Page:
NPR for North Texas
Play Live Radio
Next Up:
0:00 0:00
Available On Air Stations
KERA's One Crisis Away project focuses on North Texans living on the financial edge.

In One Corner Of Dallas County, 100 People Live Without Running Water

Some communities hover over the financial edge, while others have completely fallen off. Sandbranch, an unincorporated corner of Dallas County, is one of them. Residents there have no internet, no trash pickup and no running water. 

They rely on donations, creativity and community spirit to survive.

Nobody in Sandbranch has a running faucet. A lucky few have wells and small tanks in the backyard. They use that water to flush toilets, maybe wash some clothes. Even when the water is boiled, it’s not drinkable.

Pastor Eugene Keahey twists the top off the water tank at Mount Zion Missionary Baptist Church, the one remaining community institution here, to reveal green algae in patches the size of a phone book.

That’s why, Keahey explains, this water isn’t for drinking, just for flushing. And that pretty much sums up life in Sandbranch.

“It’s off the grid. It’s a Third World country," he says. "Because water is gold here, it’s precious.”

Credit Courtney Collins / KERA news
KERA news
Algae inside the Mount Zion church water tank.

Just Miles From Downtown Dallas

While this neighborhood feels worlds away from the hustle of the big city, the glittering Dallas skyline is just a short drive away. It's 18 miles southeast of downtown, and a couple miles west of Seagoville. 

Sandbranch is surrounded by development, but it's virtually undeveloped.

“Each home here was hand built by the community; there was no outside, general contractors, and this land has been in their families for years," Keahey says. "So they have a strong connection to the land and to the community.”

Dallas County has records of Sandbranch dating back to the 1930s. Keahey says families settled here not long after slavery ended.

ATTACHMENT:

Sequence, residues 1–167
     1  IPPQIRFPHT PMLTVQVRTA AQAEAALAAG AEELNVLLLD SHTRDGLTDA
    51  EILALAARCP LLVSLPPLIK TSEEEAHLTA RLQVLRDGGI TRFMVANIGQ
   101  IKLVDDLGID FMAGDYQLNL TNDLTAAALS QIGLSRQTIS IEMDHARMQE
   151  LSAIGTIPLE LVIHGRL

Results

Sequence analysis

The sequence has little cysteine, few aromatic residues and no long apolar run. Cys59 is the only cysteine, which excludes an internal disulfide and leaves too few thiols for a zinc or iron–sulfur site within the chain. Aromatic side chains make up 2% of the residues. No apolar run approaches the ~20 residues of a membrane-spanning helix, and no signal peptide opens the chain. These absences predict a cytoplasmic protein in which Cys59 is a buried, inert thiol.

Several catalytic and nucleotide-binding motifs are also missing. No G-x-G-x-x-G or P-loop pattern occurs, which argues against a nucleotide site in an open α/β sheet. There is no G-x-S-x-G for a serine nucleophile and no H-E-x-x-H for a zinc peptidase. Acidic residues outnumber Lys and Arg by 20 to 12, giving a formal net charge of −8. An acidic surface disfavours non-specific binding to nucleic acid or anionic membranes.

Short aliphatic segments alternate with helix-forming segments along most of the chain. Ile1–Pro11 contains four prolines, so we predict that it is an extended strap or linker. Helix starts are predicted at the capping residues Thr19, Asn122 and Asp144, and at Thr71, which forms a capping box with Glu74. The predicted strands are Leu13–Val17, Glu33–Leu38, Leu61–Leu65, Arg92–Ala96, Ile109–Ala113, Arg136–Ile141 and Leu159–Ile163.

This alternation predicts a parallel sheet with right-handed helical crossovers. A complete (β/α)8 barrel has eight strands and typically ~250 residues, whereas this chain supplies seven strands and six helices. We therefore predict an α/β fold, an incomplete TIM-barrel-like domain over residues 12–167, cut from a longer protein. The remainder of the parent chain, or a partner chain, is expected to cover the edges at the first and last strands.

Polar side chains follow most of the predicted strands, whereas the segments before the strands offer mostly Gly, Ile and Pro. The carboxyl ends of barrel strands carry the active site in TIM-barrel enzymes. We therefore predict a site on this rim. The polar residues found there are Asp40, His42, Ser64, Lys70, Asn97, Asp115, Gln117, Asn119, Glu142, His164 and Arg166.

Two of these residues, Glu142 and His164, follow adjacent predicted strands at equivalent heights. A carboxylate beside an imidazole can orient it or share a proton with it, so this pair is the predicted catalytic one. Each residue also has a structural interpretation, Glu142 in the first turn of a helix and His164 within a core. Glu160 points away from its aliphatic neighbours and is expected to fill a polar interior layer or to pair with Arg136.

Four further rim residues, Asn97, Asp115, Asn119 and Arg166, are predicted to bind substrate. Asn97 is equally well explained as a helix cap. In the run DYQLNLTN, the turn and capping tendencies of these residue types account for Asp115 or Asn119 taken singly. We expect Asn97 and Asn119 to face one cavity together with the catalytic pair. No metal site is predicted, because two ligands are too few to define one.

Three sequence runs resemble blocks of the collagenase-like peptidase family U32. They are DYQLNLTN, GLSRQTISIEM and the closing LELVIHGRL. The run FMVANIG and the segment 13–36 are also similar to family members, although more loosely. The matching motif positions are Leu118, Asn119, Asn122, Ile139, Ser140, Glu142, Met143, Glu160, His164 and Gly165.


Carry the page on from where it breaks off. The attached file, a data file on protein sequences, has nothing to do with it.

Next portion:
Flood Plain Relocation

About a decade ago, Dallas County moved 36 families out of Sandbranch because their homes were in a flood zone.

Now the community has dwindled to just over a hundred people scattered across nine blocks. And those residents still don’t have water or trash service.

“How can they move when their income is $721 a month? When they have no internet, how do you find an apartment, how do you find a home? How do you save up for the down payment of a new house?" Keahey wonders.

The remaining residents of Sandbranch have to be creative.

Some bring jugs of water home from work; others fill up at relatives' homes.

Inside A Neighborhood Where Water Is Precious

Credit Courtney Collins
Alvin Batts has lived in Sandbranch since the 1960s.

Alvin Batts has lived here for half a century. He hauls five-gallon bottles to his mom’s house down the street to stock up on non-potable water from her tank.

For drinking water, it’s a different story.

“When we got a little money we go to the store and we buy water," Batts says. "We’ve been trying to get water down here for awhile.”

The Dallas County health department says the vast majority of well water in Sandbranch is undrinkable.

Attempts to annex the community into Dallas have all failed, and in the early 2000s, a push to build a grant-funded water system was shut down, too. The project would have cost a few million dollars, and at the time, half the community would have been underwater in a major flood.

As a result, folks in Sandbranch brush their teeth with bottled water, and burn trash in the backyard. In 2015.

“I mean we have more of don’t-haves, than we actually have," Keahey says.

Seeds Of Hope

Even so, Keahey soldiers on. The North Texas Food Bank and other nonprofits send over drinking water whenever they have it. And several plots of land were just donated to the community for an urban farm.

Seeds of hope, sprouting in a neighborhood that could use some. 

Courtney Collins has been working as a broadcast journalist since graduating from the Medill School of Journalism at Northwestern University in 2004. Before coming to KERA in 2011, Courtney worked as a reporter for NPR member station WAMU in Washington D.C. While there she covered daily news and reported for the station’s weekly news magazine, Metro Connection.